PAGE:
ROOMIER trains to make inter-city travel more comfortable were unveiled by Dutch firm Abellio today as The Scotsman’s revelation of its winning bid for ScotRail was confirmed.
The offshoot of Dutch national railways will go back to the future by overhauling 40-year-old diesel trains to provide one third more seats and extra space between Edinburgh/Glasgow and Aberdeen/Inverness.
It also pledged cheaper fares for advance booking, from £5 single between cities, two free trips a month for jobseekers and both “scenic” and steam trains on rural routes to attract tourists.
The ten-year franchise from next April will also feature a brand new type of electric train built by Hitachi in County Durham to run on routes such as the main Edinburgh-Glasgow line from the end of 2017.
Up to 80 trains will be ordered, which have more seats and can accelerate faster than the ones they will replace.
Abellio, which saw off Aberdeen-based incumbent FirstGroup, will also honour ministers’ previously-announced pledge for free wifi on all trains, by December 2018.
The 27 inter-city trains which Abellio will introduce in four years’ time after a £40 million refurbishment are like those used by East Coast for London-Aberdeen/Inverness services.
Known as “High Speed Trains” (HSTs), they will become available when they are replaced on the east coast main line by new trains.
They will cut journeys by a few minutes but won’t be able to reach their 125mph top speed on the slower Scottish routes.
Nigel Harris, managing editor of RAIL magazine, applauded the decision.
He said: “Abellio is a good operator, and using the HSTs is a fantastic move. Yes, they are 40 years old, but they are bloody good, and will be as-new inside.”
The decision is also likely to be popular with ScotRail staff, after its train drivers revealed they chose to travel in an East Coast HST to a conference in Inverness rather than one of their own cramped trains.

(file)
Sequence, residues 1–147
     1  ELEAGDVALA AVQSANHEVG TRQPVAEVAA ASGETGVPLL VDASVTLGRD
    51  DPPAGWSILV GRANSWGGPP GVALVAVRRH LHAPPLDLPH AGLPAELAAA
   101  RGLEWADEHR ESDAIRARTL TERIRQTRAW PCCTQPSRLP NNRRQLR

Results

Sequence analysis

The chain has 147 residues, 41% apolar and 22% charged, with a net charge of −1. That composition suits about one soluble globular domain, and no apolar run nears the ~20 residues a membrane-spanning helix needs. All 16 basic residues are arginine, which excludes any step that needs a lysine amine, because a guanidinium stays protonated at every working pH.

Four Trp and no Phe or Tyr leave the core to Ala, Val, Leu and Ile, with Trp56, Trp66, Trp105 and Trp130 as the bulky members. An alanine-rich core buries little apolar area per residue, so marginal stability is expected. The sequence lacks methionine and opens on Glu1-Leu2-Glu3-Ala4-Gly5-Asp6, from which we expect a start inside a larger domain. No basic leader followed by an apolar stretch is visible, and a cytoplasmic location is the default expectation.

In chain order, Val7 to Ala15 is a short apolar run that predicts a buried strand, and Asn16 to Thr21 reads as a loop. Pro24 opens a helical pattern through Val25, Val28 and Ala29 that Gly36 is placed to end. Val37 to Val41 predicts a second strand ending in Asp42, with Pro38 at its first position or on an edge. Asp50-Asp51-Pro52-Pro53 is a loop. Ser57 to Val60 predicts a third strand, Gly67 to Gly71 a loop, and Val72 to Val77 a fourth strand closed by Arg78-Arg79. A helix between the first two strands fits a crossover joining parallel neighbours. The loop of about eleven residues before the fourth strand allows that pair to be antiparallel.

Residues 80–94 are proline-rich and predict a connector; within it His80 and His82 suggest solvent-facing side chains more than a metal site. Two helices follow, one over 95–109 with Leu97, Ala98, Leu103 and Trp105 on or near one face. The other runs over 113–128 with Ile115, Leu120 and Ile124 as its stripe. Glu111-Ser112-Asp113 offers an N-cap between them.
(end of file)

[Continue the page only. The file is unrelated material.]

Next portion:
However, campaigners hoping for new trains for pledged “scenic” services on tourist routes such as to Mallaig and the Borders will be disappointed that this will be limited initially to upgrading existing coaches.
Mr Brown, who announced the Scottish Government’s biggest contract, worth up to £6 billion, hailed it as a “world-leading contract for staff and passengers.”
He brushed aside Labour and rail union calls to be put it on hold pending powers for public sector bids for the franchise being devolved by Westminster.
Mr Brown said he had called for such powers since the franchise process started three years ago, and halting it at the final stage would cause “chaos and uncertainty on the rails”.
But Glasgow Green MSP Patrick Harvie said: “We need an assurance that the optional five-year break in the franchise will allow for a Scottish public sector operator to bid, assuming power is devolved from Westminster to allow it.”
Abellio underlined its commitment to Scotland by also announcing it will move its UK head office from London to Glasgow in April, with 50 jobs. It operates three English train franchises, and buses in and around London.
Its win comes as a second blow to First, which has also lost the Caledonian Sleeper franchise, as Scotland on Sunday revealed in May.
The firm, which has run ScotRail for ten years, said it was “disappointed”, and its bid would have delivered “even greater levels of service and growth”.
Also losing out was National Express, whose bid was led by award-winning former ScotRail managing director Mary Grant.
Other franchise pledges:
- More space for cycles on off-peak trains and bike hire at stations
- Improved catering on trains and on more routes
- Multi-journey “carnet” tickets
- Upgraded first class service on inter-city trains, with advance-booking fares from £7.50 single between cities
- Business centres at stations for meetings
- Offers for passengers over 50
- Greater use of smartcards including for parking
- More tree clearance to improve views on Glasgow-Oban/Mallaig lines